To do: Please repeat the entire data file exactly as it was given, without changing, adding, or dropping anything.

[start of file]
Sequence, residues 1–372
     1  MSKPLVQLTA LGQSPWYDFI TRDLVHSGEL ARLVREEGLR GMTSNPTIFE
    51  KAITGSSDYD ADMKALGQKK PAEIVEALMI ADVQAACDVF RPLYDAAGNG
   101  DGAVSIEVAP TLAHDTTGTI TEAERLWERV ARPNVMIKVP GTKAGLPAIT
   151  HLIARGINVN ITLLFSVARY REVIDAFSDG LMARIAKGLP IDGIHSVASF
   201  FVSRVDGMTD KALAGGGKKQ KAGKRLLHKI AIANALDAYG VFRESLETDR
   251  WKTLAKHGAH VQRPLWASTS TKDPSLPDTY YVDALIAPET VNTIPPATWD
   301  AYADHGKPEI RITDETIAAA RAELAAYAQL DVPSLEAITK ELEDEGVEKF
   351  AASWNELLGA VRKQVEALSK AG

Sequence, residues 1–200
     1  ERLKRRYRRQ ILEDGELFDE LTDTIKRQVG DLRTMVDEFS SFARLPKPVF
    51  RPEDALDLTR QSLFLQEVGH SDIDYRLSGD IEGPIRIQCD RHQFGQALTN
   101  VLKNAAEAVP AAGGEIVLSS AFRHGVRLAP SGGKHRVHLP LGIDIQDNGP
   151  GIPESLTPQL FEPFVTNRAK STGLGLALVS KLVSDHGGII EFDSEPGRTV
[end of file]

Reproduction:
Sequence, residues 1–372
     1  MSKPLVQLTA LGQSPWYDFI TRDLVHSGEL ARLVREEGLR GMTSNPTIFE
    51  KAITGSSDYD ADMKALGQKK PAEIVEALMI ADVQAACDVF RPLYDAAGNG
   101  DGAVSIEVAP TLAHDTTGTI TEAERLWERV ARPNVMIKVP GTKAGLPAIT
   151  HLIARGINVN ITLLFSVARY REVIDAFSDG LMARIAKGLP IDGIHSVASF
   201  FVSRVDGMTD KALAGGGKKQ KAGKRLLHKI AIANALDAYG VFRESLETDR
   251  WKTLAKHGAH VQRPLWASTS TKDPSLPDTY YVDALIAPET VNTIPPATWD
   301  AYADHGKPEI RITDETIAAA RAELAAYAQL DVPSLEAITK ELEDEGVEKF
   351  AASWNELLGA VRKQVEALSK AG

Sequence, residues 1–200
     1  ERLKRRYRRQ ILEDGELFDE LTDTIKRQVG DLRTMVDEFS SFARLPKPVF
    51  RPEDALDLTR QSLFLQEVGH SDIDYRLSGD IEGPIRIQCD RHQFGQALTN
   101  VLKNAAEAVP AAGGEIVLSS AFRHGVRLAP SGGKHRVHLP LGIDIQDNGP
   151  GIPESLTPQL FEPFVTNRAK STGLGLALVS KLVSDHGGII EFDSEPGRTV